The differences of Mathematica and Wolfram Engine/Wolfram Language are discussed at other places.
Even though I still can't grasp concretely what the differences are.My Question here is why there are different payment models for Mathematica, WolframCloud and WolframEngine?It seems like you gain practically very little by paying for Mathematica. (Mostly interface-wise)I would think of Mathematica to be kind of like an IDE.But nobody would pay hundreds of dollars just for an IDE.So what am I missing about Mathematica that makes it reasonable to pay for it?Why didn't the new business model for distributing Wolfram Language change the business model of Mathematica?And why isn't Mathematica free to use?
I heard of Mathematica ever since I started studying physics 2 years ago and I was always kind of sad that it is so expensive.I used WolframAlpha for many calculations while studying, but I always found it quite rigid.Often it just wasn't enough to solve a problem I had.
So I searched for alternatives and since I love Python I started to learn more about SageMath.But quickly I figured it just isn't as well designed as I'd like it to be.
So I searched for alternatives again and stumbled upon WolframCloud and Wolfram Engine.I've been using it for a few days now and it's just what I imagined Mathematica to be. (and more)And I feel like I won't ever have to pay for Mathematica, because I could just use Wolfram Language for free.
WARNING: Below is my opinion based on my personal experiences. I know that we are all different. In can only speak for myself.These types of discussions help me to put things into perspective as I put proposals together for how to spend our limited resources. I hope others (including Wolfram) will share their experiences and thoughts as well.Thanks for the great question Nico.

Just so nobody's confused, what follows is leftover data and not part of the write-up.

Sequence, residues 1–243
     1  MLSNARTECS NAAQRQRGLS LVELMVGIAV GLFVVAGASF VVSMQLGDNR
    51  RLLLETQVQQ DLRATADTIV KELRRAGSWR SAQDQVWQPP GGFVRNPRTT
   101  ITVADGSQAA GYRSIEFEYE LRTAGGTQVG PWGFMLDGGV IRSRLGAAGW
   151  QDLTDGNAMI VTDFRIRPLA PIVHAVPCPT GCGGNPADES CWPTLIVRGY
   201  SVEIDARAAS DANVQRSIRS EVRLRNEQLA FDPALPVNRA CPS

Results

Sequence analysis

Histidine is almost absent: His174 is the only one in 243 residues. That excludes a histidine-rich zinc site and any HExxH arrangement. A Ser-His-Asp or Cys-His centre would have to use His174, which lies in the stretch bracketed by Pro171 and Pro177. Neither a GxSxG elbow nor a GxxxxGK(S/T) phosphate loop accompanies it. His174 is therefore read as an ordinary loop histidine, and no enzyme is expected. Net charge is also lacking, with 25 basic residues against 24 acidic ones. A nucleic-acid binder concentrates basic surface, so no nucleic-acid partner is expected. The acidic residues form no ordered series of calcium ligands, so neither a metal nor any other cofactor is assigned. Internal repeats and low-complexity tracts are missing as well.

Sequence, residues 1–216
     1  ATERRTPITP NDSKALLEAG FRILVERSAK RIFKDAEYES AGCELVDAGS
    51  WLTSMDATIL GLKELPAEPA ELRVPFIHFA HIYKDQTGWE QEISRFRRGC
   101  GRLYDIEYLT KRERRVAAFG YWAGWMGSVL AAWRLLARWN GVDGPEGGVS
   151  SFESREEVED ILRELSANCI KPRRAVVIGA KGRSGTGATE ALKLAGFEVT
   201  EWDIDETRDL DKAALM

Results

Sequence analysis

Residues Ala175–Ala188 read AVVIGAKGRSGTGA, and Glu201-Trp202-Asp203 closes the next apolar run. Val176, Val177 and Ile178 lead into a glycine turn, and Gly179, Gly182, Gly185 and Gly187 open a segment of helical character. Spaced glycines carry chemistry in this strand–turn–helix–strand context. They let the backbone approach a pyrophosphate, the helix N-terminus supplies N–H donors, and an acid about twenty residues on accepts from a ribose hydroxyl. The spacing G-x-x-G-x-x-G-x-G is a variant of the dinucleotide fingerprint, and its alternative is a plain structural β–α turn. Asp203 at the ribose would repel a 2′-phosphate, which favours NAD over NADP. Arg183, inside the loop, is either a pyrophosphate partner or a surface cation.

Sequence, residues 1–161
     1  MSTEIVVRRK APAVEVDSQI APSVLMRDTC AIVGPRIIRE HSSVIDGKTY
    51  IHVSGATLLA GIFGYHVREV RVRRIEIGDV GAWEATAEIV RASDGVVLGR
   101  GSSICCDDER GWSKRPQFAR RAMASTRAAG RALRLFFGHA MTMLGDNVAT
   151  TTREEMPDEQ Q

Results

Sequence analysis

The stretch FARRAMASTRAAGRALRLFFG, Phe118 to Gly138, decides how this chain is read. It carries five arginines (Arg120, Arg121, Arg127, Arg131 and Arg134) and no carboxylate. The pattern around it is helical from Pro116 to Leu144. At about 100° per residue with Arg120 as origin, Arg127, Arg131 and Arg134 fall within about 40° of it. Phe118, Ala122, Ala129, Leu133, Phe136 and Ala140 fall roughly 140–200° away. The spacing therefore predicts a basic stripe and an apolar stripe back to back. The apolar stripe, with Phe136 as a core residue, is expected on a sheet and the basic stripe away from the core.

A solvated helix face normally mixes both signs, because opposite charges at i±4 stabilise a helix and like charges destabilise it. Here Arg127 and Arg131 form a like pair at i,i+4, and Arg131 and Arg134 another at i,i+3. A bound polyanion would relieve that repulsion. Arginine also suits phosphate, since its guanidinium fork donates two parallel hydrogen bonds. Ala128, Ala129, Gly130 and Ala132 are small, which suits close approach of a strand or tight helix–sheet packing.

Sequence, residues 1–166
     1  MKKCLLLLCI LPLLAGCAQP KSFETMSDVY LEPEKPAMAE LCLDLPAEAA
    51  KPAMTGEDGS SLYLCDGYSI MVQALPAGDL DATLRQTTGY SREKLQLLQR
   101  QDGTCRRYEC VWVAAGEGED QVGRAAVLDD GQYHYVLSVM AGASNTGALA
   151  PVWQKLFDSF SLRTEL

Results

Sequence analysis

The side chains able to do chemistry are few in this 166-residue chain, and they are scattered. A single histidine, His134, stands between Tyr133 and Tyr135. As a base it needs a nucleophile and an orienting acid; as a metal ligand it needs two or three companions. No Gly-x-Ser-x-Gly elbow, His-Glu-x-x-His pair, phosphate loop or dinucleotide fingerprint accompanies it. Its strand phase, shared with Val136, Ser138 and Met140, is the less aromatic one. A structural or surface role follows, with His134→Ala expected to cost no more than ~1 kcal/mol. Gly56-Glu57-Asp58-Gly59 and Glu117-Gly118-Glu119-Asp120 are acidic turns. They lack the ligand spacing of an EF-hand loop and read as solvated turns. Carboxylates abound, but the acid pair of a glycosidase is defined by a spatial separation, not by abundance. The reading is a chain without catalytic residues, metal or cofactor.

WARNING: Below is my opinion based on my personal experiences. I know that we are all different. In can only speak for myself.
These types of discussions help me to put things into perspective as I put proposals together for how to spend our limited resources. I hope others (including Wolfram) will share their experiences and thoughts as well.
Thanks for the great question Nico.
This is a great question and one I have struggled with with many vendors.
For me, it keeps coming back to the following question:
Does this vendor's business model work for me?
Does this vendor's business model work for me?
I have to say that I have passed on many great products because the vendor's business model would cost much more than the value I realize given my current use cases. And to be honest, for many years, there were no budgets for tools, so I was often stuck with what we had and what we could get for free. I do not mean to bash any particular vendor, so I'm not going to name specific products or their makers.
While I would love for all of the tools that Wolfram makes were less expensive, I want Wolfram to do more than just succeed. I want them to thrive, to innovate, to continue making my life easier and more productive (if a bit frustrating at times).